Spencer Chow (spencermfi), Thursday, 10 March 2005 18:04 (9 years ago) Permalink

I watched Lyndon with my "mean" uncle and we chuckled through the whole thing. I think what Soto says above there is why Clockwork Orange is a good film. Technology > Morals and film proves it time and time again.

The Argunaut (sexyDancer), Thursday, 10 March 2005 18:25 (9 years ago) Permalink

Argunaut, that's how I felt when I was younger, more callow, and had seen (and thought about) more films. Read Pauline Kael's review of "Clockwork" – still the most nuanced out there. There's a difference between a brilliant film which presents attractive killers and then undercuts our expectations (like "Bonnie & Clyde") and one which endorses the characters' points of views. Great film, like great literature, doesn't endorse: it presents and then judges, or in the case of a rare artist like a Jean Renoir, shows why everyone has his reasons. But then again, there were no villains like Alec in Renoir's movies, and no two-dimensional emotional landscapes like Kubrick's "Clockwork."

And I have no idea what you mean by "technology".

Alfred Soto (Alfred Soto), Thursday, 10 March 2005 19:12 (9 years ago) Permalink

i dont understand. it would seem to me that Bonnie and Clyde almost wholeheartedly endorses them--they are given a martyr's death even! ACO seems a little more ambiguous in this regard--it's pretty much taken as a given that Alex is a murderous hooligan and stands for nothing other than his own perverse and violent pleasure.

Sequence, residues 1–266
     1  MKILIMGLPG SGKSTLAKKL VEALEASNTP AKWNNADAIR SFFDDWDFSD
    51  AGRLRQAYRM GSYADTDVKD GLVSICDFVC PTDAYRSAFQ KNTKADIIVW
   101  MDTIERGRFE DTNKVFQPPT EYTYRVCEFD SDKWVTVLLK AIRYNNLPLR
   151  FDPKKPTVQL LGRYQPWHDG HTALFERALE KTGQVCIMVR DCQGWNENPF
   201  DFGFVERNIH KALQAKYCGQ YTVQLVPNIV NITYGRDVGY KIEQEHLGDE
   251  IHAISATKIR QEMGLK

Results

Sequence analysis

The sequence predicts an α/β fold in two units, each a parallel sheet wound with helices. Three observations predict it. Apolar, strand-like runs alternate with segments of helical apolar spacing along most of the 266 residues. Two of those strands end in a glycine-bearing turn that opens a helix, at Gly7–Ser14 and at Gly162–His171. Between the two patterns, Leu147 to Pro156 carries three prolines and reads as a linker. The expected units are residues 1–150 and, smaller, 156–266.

ryan (ryan), Thursday, 10 March 2005 19:25 (9 years ago) Permalink

by technology, I mean film itself and also the technology in Clockwork, the violence "cure."
I will say that great art only observes.
Kubrick--it's hard to bring dimensionality, or realism, into a critique of him because he's essientially a hermeticist. His films are experiential allegories. His concerns are systems, not individuals.
Alex is much more than a hooligan: he's an artist.

The Argunaut (sexyDancer), Thursday, 10 March 2005 19:53 (9 years ago) Permalink

he's an art lover, i'm not sure he's an artist

mark s (mark s), Thursday, 10 March 2005 19:58 (9 years ago) Permalink

How much of Kubrick's life -- exile in UK, obsessive -- is responsible for labeling of his art as "hermeticist"?

BTW, I don't recall Kael being at all equivocal on The Shining; she panned it as "the first pompous haunted-house movie," and for once I agree.

I think Alex is glamorized in ACO, but not endorsed. It's still a minor film of his, and really hits the skids once he returns HOME.

Dr Morbius (Dr Morbius), Thursday, 10 March 2005 20:00 (9 years ago) Permalink

His concerns are systems, not individuals